+   times = 5)
Unit: milliseconds
 expr      min       lq     mean   median       uq      max neval
    b 973.1111 990.3699 1003.417 1010.651 1013.858 1029.097     5
> microbenchmark::microbenchmark(
+   d = collect(tbl(con_sqlite, 'df_test')),
+   times = 1)
Unit: seconds
 expr      min       lq     mean   median       uq      max neval
    d 52.08785 52.08785 52.08785 52.08785 52.08785 52.08785     1

Really good !

Simple count

Count then collect aggregate rows.

> microbenchmark::microbenchmark(
+   a = collect(tbl(con_duck, 'df_test') %>% count(year, month)),
+   times = 20)
Unit: milliseconds
 expr      min       lq     mean   median       uq      max neval
    a 50.18014 53.24197 54.87532 54.68203 57.09206 58.94873    20
> microbenchmark::microbenchmark(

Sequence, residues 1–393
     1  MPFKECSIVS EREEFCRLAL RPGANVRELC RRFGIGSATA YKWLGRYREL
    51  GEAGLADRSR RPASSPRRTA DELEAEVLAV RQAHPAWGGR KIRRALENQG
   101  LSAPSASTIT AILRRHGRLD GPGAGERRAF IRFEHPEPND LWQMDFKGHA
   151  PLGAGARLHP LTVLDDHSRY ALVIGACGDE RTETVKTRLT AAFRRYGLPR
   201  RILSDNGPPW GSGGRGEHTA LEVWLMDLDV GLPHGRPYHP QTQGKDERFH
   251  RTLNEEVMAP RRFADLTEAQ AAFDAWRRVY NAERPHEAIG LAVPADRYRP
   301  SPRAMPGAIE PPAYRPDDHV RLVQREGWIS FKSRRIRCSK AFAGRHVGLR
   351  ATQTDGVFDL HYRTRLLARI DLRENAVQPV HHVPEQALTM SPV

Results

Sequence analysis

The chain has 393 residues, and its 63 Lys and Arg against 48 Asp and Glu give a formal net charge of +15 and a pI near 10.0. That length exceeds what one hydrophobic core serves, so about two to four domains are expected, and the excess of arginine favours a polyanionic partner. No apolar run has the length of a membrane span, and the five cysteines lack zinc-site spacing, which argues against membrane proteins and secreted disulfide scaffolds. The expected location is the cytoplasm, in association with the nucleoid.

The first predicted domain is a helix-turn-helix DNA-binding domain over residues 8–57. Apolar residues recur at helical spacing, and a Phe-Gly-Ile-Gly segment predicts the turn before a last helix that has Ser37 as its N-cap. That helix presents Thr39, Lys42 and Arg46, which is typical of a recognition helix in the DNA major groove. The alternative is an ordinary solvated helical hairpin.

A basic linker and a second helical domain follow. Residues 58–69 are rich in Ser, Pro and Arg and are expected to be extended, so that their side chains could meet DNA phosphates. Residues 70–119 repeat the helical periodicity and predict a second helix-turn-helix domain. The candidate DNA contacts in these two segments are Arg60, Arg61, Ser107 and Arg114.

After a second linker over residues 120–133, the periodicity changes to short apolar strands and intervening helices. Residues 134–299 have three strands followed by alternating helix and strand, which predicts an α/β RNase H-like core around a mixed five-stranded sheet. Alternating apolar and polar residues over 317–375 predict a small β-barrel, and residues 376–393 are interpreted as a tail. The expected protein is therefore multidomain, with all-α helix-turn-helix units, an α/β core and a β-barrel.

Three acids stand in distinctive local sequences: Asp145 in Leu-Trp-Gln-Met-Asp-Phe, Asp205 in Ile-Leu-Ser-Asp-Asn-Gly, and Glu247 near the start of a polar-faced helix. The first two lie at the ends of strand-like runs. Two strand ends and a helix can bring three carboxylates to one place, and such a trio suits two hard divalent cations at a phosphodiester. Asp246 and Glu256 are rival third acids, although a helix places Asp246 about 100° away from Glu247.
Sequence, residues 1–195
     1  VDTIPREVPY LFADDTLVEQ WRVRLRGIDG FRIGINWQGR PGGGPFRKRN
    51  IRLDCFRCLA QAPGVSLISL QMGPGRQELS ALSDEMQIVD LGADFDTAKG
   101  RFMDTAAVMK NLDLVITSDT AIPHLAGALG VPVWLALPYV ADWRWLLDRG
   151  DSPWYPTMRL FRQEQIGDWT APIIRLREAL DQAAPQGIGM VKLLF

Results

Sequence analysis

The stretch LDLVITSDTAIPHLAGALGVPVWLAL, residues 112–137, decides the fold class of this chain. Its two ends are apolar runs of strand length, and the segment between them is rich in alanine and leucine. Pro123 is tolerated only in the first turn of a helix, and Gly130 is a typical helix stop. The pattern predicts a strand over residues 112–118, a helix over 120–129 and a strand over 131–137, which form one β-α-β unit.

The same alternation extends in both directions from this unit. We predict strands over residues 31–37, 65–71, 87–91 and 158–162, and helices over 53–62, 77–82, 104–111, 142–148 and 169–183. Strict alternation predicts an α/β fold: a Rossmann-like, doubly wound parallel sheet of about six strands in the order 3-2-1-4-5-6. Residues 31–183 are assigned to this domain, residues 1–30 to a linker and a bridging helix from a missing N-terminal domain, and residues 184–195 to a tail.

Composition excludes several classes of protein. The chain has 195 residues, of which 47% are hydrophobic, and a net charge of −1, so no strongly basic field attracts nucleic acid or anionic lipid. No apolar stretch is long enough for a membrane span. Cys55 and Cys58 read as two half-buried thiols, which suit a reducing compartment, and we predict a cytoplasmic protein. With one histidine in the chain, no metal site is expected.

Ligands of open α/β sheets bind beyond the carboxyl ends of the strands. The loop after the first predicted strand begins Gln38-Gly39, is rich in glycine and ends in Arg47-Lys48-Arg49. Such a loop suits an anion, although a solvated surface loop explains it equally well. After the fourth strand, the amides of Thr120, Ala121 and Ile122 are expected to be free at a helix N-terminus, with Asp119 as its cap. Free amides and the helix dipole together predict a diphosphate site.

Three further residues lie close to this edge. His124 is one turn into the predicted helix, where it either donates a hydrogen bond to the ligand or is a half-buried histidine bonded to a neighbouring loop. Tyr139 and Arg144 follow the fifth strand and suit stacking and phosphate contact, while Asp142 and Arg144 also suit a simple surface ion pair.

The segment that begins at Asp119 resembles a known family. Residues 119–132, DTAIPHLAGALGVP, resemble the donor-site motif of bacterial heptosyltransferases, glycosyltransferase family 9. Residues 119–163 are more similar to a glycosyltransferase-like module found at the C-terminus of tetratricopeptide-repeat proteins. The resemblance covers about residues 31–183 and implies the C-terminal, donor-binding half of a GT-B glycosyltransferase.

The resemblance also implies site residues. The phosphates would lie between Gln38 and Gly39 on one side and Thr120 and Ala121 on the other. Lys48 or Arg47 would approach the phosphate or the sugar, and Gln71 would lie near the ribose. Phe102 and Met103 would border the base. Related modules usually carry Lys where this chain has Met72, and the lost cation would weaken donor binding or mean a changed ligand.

+   b = collect(tbl(con_monet, 'df_test') %>% count(year, month)),
+   times = 20)
Unit: milliseconds
 expr     min       lq     mean   median       uq     max neval
    b 151.729 157.9267 160.5727 160.8815 163.8343 167.477    20
> microbenchmark::microbenchmark(
+   d = collect(tbl(con_sqlite, 'df_test') %>% count(year, month)),
+   times = 20)
Unit: seconds
 expr      min       lq     mean  median       uq      max neval
    d 2.167202 2.196288 2.205281 2.20486 2.216594 2.253606    20

Faster !

It remains to test joins, filters, sorts, etc.

Informations

I find that there are not so many communications for the moment about this work and binding for R, so I made this post to highlight it.

MonetDBLite speed is amazing, do you will give DuckDB a try ?

In any case thanks to DuckDB developers and welcome to the new duck.

See here https://github.com/cwida/duckdb.

DuckDB developers point’s of view on data management and explanations about “duck” can be found here.

Here we can read more informations on ALTREP, MonetDBLite and DuckDB, and reasons why MonetDB was finally abandoned (“RIP MonetDBLite”).